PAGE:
I just can’t shake this, I know. However, it has been coming up as the subject of blogs I follow very regularly, so it’s top of mind.
I have discovered that there’s a sliding scale of opinion, with two extremes: yay, who cares and hell no. In the middle is the opinion that it mostly sucks, but if you’re doing it while making an effort to change people’s thinking, to create a place where minority communities can be themselves without fear of discrimination, then that’s an appropriate occasion for adopting parts of a culture that is not your own.
It’s fairly repulsive. Apparently it was intended as a humor column, and surprised both its author and TIME magazine by receiving a massive negative response. I’m surprised that they didn’t anticipate that. The response came because it’s commodification at its worst – using the stereotypical view of an ethnic group for humor. It’s something that minority comedians can use effectively, because they’ve experienced the reality behind the laughs, but a white comedian can’t really go there, because there’s no shared experience.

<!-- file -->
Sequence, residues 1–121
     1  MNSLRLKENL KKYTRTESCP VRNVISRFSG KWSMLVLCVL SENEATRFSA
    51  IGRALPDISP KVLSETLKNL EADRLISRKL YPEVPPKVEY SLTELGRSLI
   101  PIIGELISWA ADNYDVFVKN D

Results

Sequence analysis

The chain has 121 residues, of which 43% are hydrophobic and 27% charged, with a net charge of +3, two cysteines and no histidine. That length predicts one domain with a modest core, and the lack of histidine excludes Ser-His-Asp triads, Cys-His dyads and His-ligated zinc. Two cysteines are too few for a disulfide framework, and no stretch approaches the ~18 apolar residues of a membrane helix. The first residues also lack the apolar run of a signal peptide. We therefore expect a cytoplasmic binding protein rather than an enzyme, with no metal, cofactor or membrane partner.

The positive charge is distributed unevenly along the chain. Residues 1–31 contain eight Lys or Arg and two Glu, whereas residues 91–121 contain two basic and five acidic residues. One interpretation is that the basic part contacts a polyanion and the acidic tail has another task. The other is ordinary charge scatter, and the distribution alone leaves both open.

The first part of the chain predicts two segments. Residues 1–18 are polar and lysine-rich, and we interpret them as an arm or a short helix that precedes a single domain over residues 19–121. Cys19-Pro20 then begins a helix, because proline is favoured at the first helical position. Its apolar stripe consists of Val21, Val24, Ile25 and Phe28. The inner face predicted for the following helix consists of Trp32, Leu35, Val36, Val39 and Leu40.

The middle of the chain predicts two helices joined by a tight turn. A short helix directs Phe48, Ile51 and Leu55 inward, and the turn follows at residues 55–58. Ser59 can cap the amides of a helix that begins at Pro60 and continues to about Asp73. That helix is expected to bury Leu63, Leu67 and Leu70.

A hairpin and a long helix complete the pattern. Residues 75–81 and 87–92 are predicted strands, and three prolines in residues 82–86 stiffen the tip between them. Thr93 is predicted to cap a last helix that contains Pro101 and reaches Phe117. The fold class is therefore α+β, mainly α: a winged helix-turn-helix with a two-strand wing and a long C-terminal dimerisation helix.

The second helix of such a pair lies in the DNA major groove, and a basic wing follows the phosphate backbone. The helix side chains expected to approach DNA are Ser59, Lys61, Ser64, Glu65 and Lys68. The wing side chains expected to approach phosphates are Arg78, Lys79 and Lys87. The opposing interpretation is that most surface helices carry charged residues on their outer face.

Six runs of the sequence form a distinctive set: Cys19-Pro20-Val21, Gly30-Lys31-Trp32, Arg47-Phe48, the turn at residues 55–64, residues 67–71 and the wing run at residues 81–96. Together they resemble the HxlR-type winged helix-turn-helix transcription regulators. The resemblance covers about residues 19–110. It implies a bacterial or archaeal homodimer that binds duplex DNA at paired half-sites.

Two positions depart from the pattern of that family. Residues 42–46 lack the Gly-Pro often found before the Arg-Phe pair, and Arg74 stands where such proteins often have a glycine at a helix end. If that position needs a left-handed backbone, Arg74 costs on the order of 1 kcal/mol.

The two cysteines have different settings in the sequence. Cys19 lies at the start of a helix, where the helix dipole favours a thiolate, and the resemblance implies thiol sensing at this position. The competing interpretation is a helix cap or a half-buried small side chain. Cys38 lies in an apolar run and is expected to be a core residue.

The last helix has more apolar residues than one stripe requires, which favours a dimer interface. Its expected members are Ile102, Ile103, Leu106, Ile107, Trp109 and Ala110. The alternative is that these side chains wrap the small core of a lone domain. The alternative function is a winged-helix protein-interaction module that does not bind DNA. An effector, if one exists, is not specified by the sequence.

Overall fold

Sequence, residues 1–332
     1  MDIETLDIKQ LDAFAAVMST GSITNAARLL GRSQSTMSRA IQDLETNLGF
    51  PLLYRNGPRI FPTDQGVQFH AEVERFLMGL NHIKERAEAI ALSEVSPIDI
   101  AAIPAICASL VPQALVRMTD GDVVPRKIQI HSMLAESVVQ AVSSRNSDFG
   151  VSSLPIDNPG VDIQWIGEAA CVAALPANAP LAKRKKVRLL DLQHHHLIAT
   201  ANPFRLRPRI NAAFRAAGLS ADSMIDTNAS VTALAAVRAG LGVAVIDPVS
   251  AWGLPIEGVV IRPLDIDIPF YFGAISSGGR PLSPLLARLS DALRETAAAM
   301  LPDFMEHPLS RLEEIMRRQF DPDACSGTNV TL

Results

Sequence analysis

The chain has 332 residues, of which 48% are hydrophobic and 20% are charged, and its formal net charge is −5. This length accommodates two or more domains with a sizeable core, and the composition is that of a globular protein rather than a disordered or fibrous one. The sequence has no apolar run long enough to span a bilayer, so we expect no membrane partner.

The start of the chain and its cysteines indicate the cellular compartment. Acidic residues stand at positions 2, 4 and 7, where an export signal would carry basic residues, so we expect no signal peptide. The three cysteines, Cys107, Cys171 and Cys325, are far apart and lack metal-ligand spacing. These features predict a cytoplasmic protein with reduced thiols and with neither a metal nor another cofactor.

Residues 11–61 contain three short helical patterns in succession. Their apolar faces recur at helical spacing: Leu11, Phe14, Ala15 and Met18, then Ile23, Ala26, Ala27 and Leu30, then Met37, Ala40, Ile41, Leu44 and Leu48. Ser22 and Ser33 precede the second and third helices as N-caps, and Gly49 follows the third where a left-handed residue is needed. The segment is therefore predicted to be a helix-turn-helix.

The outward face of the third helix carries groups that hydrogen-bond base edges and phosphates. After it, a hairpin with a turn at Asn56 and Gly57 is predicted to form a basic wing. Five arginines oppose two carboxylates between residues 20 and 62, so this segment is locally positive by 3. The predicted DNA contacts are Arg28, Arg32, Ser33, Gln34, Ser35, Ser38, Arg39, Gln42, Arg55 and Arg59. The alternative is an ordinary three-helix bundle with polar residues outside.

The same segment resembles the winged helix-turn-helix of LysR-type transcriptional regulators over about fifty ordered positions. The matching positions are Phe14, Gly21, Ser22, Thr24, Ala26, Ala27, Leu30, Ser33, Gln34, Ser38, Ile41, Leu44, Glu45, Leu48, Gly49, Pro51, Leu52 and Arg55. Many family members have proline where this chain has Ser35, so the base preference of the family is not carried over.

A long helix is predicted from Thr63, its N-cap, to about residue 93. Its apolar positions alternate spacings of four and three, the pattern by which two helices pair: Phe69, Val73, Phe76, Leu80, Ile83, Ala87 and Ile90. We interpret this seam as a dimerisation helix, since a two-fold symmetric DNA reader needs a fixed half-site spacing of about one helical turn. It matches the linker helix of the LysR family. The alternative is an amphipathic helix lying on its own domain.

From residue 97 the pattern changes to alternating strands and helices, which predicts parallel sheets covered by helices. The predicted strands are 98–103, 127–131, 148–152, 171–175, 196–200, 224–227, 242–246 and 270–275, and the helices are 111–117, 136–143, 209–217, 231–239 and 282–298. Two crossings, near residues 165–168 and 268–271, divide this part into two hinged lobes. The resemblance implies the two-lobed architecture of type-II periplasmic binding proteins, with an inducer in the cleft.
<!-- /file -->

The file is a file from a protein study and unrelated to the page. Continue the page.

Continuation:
I agree with most of what’s there, even if it does slip occasionally into dense academic language. It’s a good look at another scale of absolutes, contrasting insensitive appropriation with cultural nationalism, something that oftentimes is guilty of the same things it’s attempting to combat.
And finally, this short documentary on appropriation:
I found it to be quite insightful. I understand now why certain people are so against any white person wearing bindis, saris, whatever. My experience is not at all the same, but I was not popular growing up. I have a hard time being around people. Most of the time I was teased daily – for liking science fiction, for not having the same “cool” clothes as everyone else, for being interested in school, for not shaving my legs. Ultimately, these were all things I could change, except for the clothes.
And then at the end of the video, its author says something very insightful – if you’re doing it because it’s “cool” or the “trend,” and you aren’t making an effort to stand up for the culture it comes from, it’s not acceptable. However, if you’re making an effort to learn and be an advocate, then that’s a respectful thing, and that’s how you should go about it.
Modern consumer culture commodifies things indiscriminately. It’s up to us to make sure that the people who own those cultures can be as free expressing themselves as we appropriators are. I can’t make up for those of my skin color who don’t treat minorities fairly, but I can, as Gandhi put it, “be the change [I] wish to see in the world.”